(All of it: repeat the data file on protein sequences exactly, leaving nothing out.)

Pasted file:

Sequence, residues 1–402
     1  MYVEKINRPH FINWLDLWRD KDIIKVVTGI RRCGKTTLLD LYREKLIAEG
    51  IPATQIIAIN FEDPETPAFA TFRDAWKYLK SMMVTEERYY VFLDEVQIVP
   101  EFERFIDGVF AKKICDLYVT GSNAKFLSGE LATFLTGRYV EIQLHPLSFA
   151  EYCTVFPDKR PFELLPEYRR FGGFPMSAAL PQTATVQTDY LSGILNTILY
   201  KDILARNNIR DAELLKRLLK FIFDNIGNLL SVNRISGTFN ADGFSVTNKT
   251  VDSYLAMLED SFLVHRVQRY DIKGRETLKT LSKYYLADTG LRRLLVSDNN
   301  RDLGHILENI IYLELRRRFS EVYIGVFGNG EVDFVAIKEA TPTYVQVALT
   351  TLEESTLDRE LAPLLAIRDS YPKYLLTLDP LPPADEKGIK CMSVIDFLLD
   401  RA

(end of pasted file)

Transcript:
Sequence, residues 1–402
     1  MYVEKINRPH FINWLDLWRD KDIIKVVTGI RRCGKTTLLD LYREKLIAEG
    51  IPATQIIAIN FEDPETPAFA TFRDAWKYLK SMMVTEERYY VFLDEVQIVP
   101  EFERFIDGVF AKKICDLYVT GSNAKFLSGE LATFLTGRYV EIQLHPLSFA
   151  EYCTVFPDKR PFELLPEYRR FGGFPMSAAL PQTATVQTDY LSGILNTILY
   201  KDILARNNIR DAELLKRLLK FIFDNIGNLL SVNRISGTFN ADGFSVTNKT
   251  VDSYLAMLED SFLVHRVQRY DIKGRETLKT LSKYYLADTG LRRLLVSDNN
   301  RDLGHILENI IYLELRRRFS EVYIGVFGNG EVDFVAIKEA TPTYVQVALT
   351  TLEESTLDRE LAPLLAIRDS YPKYLLTLDP LPPADEKGIK CMSVIDFLLD
   401  RA